Toward the end of the book, the story felt choppy as though there were scenes taken out. For instance: The scene has our heroes hang gliding to the top of a castle and then fighting the bad guys. As Stirling took great pains describing the castle, I’m interested in finding out how he gets our guys out of there. The next scene? They’re back at their camp. How did they get past two moats and a draw bridge? Not to mention a castle full of men. No idea.

Also, one of my favorite characters find out she’s pregnant from a brief dalliance with another character. I am really looking forward to these two meeting again because well, all you’d have to do is count back months and wonder. The meeting happens off camera. The next time the plot point is picked up is after the baby’s birth (a month early) when the father’s fiancé counts back months. I felt cheated.

To be fair to the writer, this book stands at 573 pages and it’s packed full. However, the last 50 or so pages feel like he cut heavily to keep it under 600.
Despite its faults, I like the characters enough that I want to read the next book in the series.

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Friday Funnies

Ah, two of my great loves together: Kitty cats and laughter. Enjoy





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Someone else says

I’m pretty sure I stole that title from Becky, but what’s a little plagiarism between friends? ; )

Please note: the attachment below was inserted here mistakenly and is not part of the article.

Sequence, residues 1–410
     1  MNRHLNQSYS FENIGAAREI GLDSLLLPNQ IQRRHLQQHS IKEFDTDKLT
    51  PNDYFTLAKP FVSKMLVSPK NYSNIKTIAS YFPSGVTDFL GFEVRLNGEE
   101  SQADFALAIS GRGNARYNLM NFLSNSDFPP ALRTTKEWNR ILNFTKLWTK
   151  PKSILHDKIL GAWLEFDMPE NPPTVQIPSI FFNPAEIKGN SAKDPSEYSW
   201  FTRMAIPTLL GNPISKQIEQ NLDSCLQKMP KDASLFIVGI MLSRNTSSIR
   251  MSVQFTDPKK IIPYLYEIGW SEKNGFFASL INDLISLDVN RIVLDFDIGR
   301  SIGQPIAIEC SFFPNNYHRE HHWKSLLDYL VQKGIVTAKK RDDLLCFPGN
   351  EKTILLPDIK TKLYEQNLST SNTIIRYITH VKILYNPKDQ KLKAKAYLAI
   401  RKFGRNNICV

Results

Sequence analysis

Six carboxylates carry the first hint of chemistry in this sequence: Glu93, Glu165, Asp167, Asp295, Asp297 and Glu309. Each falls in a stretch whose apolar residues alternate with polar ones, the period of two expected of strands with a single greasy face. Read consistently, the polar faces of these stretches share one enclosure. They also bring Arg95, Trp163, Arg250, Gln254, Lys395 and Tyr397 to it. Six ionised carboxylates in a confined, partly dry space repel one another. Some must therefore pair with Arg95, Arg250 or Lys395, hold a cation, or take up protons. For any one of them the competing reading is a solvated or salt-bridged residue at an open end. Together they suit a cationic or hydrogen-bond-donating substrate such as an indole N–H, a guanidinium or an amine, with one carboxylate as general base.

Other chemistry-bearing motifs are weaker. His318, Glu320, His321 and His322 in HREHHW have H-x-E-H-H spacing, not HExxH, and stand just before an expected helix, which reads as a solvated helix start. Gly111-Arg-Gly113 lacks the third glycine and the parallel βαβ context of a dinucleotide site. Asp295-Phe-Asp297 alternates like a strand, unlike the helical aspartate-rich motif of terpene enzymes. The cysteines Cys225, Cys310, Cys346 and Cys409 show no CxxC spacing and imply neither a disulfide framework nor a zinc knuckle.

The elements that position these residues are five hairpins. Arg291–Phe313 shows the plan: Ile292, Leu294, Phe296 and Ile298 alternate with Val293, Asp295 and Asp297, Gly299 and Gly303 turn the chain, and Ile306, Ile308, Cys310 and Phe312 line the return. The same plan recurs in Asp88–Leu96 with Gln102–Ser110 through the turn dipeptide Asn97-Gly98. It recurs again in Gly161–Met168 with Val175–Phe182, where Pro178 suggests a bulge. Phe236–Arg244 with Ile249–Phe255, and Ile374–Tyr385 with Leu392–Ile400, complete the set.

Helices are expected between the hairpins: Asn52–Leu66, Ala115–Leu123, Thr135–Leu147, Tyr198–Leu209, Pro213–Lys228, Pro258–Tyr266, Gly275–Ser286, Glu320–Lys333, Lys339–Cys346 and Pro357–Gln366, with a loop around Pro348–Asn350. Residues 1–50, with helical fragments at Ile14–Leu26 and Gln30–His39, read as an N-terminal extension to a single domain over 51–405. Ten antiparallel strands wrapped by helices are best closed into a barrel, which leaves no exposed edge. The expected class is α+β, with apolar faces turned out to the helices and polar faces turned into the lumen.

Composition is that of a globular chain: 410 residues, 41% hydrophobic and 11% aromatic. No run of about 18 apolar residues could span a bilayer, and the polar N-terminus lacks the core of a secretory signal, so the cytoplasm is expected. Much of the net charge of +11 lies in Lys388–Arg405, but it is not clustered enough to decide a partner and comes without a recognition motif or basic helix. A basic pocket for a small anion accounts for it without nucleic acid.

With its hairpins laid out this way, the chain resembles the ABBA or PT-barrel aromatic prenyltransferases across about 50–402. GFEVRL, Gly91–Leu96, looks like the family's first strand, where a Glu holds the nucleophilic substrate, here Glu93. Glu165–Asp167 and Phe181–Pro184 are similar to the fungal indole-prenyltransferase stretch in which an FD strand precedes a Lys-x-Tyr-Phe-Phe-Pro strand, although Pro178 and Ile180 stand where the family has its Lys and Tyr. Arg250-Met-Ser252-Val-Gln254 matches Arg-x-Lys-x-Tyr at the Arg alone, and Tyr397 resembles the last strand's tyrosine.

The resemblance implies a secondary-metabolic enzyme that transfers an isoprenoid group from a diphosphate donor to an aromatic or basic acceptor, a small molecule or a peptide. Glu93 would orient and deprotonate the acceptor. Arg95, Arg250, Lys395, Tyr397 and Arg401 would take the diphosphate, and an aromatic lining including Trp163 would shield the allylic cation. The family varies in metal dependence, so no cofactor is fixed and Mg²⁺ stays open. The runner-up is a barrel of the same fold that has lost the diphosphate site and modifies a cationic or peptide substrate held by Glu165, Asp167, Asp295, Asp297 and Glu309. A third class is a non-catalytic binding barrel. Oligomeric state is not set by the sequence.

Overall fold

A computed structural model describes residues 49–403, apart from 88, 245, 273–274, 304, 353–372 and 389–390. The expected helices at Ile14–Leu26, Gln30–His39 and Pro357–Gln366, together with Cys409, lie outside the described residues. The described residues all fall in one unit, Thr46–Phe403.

Kait Nolan, a gifted writer, is blogging about her journey from pantser to plotter and all the hows and whys. It really is a blog worth reading (even if you’re a confirmed one or the other.) As someone who was once a pantser but has learned the value of plotting, I learned some tools that will help me to do just that.

Without further ado: Kait Nolan’s Shadow and Fang

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Publicity Co-op

 If you’ve been in the publishing industry for any length of time, you probably know that writing and even publishing the book is only the first and second step. The third, and very important task, is to get the book to people who want to buy it.

When Perfect Circle came out, I simply felt overwhelmed. Though I read everything I could on the subject, I had no idea what I was doing and I felt inadequate to do it.

The other day, someone explained to me what a street team is—these are volunteers who agree to blog, review and pass out various publicity-geared items for an author. It sounded like a good idea, but kind of one sided. I thought what if a group of authors got together and did that for each other?

So I’m putting out feelers to see who would like to be involved in a publicity co-op.

I’m sure I’m not the first person to come up with something like this but I think it could be a good idea. Your level of involvement would depend on how many people decide to join the co-op, but I can’t see it taking up too much time and there would be the comfort of knowing that when your book(s) are published, someone will be helping you spread the word.

This could benefit you even if you’re not published, I mean you will be someday, right?


Below are a few things I thought we could do for one another:


  • Offer bookmarks to your local booksellers and librarians
  • Blog about up and coming books a month of so before they are released.
  • Write a review
  • Interview the author on your blog
  • Send a (non-spammy) e-mail to friends and family members you think would enjoy the book(s)
  • Recruit subscribers to newsletters, if any.
  • Twitter/facebook/myspace, whatever your brand of social media
  • Support, support and more support.


What I would do is compile an excel sheet. When you have a book about to be published, I’ll email everyone involved. They can let me know they’re good to go (life sometimes happens) Then I’ll send you addresses for promo-type stuff… And they will contact you about blog guest appearances, interviews, etc.

If you are interested, please leave a comment and I’ll contact you.  I’m more than willing to hear your ideas.